The BasicsRead the play more thanonceAn understanding of eachof the jurors and the‘journey’ they undergoWhat sorts of prejudice doeach of the jurors bring?What sort of justice do thejurors believe in?
What are the examinerssaying?High-scoring responses did not rely entirely on themost obvious scenes from the texts.Students’ ability to understand, acknowledge andexplore the genre of their selected text continues toimproveStudents should be encouraged to have conﬁdencein their own reading and demonstrate a personalunderstanding of their text rather than relyingexclusively on commercially produced material
The CharactersThe characters are nameless and at ﬁrst can bedifﬁcult to distinguish, except for a few of them,they are...
The 8th JurorIs the ﬁrst character to vote ‘notguilty’Does not necessarily believe thatthe boy is innocent, but believesthat they ‘can’t decide in ﬁveminutes’Is separated from the rest of thecharacters at the beginning by thestage directions which have himgazing out of the window and notresponding to questions
Of all the characters, we learn the least about the 8thjurors background, although there is the rather curiousstory about him wandering the neighbourhood of themurder and buying a switchblade similar to the murderweapon, which may suggest that he is familiar with theareaHe only ever asserts that he is trying to do what is‘supposed to be happening in a jury room’, and evensuggests that he will change his vote if all of the otherjurors maintain their ‘guilty’ vote during the secondcount
The 3rdJurorThis is the juror we alllove to hate. Hisargument rests upon hisown prejudice and lifeexperience
The 3rd juror is a self-made man, who believes in roughjusticeHe is the last juror to change his mindHis relationship with his estranged son determines hisprejudice and attitude to the case, although he is theﬁrst to declare ‘I have no personal feelings about this’Unlike many of the other jurors, he uses deﬁnite wordslike ‘I know’, ‘You can’t refute facts’ and ‘You’reabsolutely right’
The 4thJurorThis juror is in many waysthe foil for the 8th juror -he is the logical side forthe prosecution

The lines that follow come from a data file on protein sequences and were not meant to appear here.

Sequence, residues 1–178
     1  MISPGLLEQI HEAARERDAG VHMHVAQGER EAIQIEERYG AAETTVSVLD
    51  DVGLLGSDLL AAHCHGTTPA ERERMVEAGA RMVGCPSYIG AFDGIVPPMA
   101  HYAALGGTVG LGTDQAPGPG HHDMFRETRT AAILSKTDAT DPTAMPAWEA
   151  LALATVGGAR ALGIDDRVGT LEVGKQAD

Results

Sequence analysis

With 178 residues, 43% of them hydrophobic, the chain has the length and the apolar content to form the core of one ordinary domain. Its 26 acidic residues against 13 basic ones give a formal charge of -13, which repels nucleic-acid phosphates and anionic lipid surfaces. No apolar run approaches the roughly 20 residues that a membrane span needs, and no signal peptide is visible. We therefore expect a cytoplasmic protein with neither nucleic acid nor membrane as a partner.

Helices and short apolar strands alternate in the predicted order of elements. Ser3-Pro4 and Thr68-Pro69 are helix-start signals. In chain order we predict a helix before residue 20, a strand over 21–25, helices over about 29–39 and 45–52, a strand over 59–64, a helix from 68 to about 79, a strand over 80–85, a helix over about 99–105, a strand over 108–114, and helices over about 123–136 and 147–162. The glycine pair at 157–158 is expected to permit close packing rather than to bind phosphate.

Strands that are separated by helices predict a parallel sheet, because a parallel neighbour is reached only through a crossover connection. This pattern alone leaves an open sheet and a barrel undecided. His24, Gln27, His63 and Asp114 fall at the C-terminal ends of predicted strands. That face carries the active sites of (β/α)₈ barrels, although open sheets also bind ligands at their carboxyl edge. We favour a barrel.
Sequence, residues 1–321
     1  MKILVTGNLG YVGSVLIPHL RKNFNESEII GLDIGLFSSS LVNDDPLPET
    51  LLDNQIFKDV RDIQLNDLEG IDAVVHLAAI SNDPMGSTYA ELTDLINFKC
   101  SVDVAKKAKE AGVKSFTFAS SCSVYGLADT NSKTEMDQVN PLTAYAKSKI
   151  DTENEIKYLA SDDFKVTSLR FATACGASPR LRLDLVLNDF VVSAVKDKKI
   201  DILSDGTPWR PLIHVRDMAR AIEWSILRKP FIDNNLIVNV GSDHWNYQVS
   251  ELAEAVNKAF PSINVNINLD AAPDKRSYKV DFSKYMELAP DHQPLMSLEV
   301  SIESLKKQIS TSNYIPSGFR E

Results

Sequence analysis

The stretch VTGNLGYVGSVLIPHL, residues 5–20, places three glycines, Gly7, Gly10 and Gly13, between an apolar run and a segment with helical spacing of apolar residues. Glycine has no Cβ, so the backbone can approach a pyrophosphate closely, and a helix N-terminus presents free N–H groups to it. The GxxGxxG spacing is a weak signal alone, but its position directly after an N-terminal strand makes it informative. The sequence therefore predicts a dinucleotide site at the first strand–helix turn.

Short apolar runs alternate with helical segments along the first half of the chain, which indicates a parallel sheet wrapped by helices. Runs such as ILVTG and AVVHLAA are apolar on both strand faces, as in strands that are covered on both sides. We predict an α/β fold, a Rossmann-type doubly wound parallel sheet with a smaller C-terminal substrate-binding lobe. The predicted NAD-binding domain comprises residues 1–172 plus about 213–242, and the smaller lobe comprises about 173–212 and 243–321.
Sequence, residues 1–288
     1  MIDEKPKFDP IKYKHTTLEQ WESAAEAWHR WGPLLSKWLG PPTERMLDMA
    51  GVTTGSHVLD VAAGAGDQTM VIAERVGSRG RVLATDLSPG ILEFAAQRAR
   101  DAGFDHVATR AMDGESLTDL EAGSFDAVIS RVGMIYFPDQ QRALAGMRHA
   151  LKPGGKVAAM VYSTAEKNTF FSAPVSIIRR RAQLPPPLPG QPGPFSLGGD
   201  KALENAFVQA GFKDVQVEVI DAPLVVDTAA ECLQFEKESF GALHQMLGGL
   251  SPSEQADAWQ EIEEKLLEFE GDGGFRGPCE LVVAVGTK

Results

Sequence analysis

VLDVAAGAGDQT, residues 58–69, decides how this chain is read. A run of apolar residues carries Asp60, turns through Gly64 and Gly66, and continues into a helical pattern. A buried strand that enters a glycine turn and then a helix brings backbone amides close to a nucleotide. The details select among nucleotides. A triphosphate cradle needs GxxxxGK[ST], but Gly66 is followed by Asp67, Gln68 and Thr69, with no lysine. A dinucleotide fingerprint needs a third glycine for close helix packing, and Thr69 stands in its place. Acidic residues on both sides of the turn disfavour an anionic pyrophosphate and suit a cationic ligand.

The 4th juror describes himself as a broker, and hisarguments are punctuated by numbers, that lend himmore logic and reason than the observations the otherjurors offerHe lacks the imagination to put himself in the positionof the accused, distancing himself from the ‘ﬁlthyneighbourhood’ that is a ‘breeding ground for criminals’
In many ways, the 4th juror is blinded by his own logic -he cannot imagine that his careful ordering of the worldis wrongWhen the 8th juror demonstrates that he doesn’t knowall the pertinent details about the ﬁlms he has recentlyseen, it doesn’t change his mindOnly by comparing himself to the spectacle-wearingwitness, does the 4th juror ﬁnally (2nd to last) changehis vote
The 10thJurorThis juror is one ofthe loudestopponents of theinnocence of the boy
The 10th juror is loudest in his opposition to ‘those’peopleUnlike many of the other jurors he is not interested inseeing justice done - he thinks the boy is guilty, butwhen opinion swings the other way, tries to convincethe 4th and 3rd jurors to ‘just quit’ because he doesn’twant to ‘break [his] brains over scum like that’He is prejudiced against the boy he describes as a‘common ignorant slob’ but derides the logic andintelligence of others - ‘everyone’s a lawyer’
The 7thJurorA baseball fan, this jurortries to expedite thewhole process so thathe can watch a game
The 7th juror represents Rose’s understanding that notall citizens will give justice its due considerationHe tries to play cards, noughts and crosses (tic, tac,toe)Finally votes not guilty because ‘all this yakkin’s gettingus nowhere’